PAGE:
The boy was sentenced at the High Court in Whangārei on Tuesday. (File photo)
A teenager has been jailed for his part in the fatal car-jacking of a 62-year-old Northland man who had offered him a ride in his car.
The 16 year-old, who has interim name suppression, appeared at the High Court in Whangārei on Tuesday where he was sentenced to five years and 10 months in prison.
He had earlier pleaded guilty to the manslaughter of 62-year-old Michael John Biggins.
Biggins’ body was found in his crashed car at Ōkaihau, north of Kaikohe.
His car had hit a tree, but police immediately had suspicions.
The court heard how the teenager, with a younger friend, had hatched a plan to steal a vehicle off Biggins’ wife Carolyn, who had previously offered them rides.
The 16-year-old took a knife and planned to use it to threaten Carolyn Biggins into handing over her car as she took them for a ride.
However, she declined to drive as she had drunk a glass of wine and instead asked her husband – whom the teenager had not met before.
During the drive, Michael Biggins was threatened with the knife but refused to handover the car.
He suffered a fatal stab wound through the chest and heart, as well as a stab wound to the right forearm.
Michael Biggins was found unresponsive in his car, which had crashed into a tree, with his foot lodged on the accelerator.
A knife was found nearby with the teenager’s DNA on it.
In her victim impact statement, Carolyn Biggins described her husband as her best friend and said her time with him was full of happiness and laughter.
“The way Michael was taken haunts me – it was a senseless act,” she told the court.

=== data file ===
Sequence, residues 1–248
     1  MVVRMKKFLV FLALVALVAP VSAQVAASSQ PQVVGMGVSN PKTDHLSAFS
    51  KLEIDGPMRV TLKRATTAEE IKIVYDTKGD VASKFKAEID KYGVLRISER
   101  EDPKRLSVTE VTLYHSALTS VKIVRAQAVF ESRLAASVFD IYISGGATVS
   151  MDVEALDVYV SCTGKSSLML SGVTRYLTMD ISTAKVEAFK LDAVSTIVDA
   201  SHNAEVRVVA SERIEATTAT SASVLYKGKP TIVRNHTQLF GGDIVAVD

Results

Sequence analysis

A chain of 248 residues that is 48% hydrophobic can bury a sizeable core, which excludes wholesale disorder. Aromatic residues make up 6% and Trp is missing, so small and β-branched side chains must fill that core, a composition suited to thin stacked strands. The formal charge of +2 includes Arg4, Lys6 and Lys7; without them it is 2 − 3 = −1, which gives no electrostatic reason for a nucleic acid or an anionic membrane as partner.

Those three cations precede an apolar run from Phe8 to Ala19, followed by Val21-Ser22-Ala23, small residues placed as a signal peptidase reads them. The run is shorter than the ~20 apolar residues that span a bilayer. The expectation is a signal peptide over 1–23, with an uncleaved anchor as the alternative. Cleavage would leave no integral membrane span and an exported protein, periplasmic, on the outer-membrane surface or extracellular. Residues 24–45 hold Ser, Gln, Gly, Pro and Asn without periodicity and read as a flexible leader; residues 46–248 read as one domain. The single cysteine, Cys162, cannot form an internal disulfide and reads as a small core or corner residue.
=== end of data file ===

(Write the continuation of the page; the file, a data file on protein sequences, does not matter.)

Other family members described Michael Biggins as generous and helpful, and said his death had a profound impact on the family, including his young grandchildren.
Justice Neil Campbell said the killing not only caused the loss of a beloved family member, it also robbed friends and family of their sense of safety.
“His friends and family used to share his generosity in spirit. They are now, because of what you did, less inclined to offer support to others, particularly strangers.
“That is a loss to the whole community,” he told the young offender.
The 16-year-old’s lawyer, Ron Mansfield KC, agreed the Biggins’ could both be described as “good samaritans.”
“It’s fair to say that the status of being prepared to help others was exploited.”
However, Mansfield said his client did not understand the consequences of his actions and did not expect someone to get hurt in the car-jacking, let alone fatally hurt.
The 16-year-old was sentenced to five years, 10 months in prison, with no minimum non-parol period.
Justice Campbell also declined name suppression to continue for the teenager, but made an order for temporary name suppression to continue pending an appeal.
Another boy, who was 12 at the time of Michael Biggins’ death, has denied his murder and will face trial in October 2024.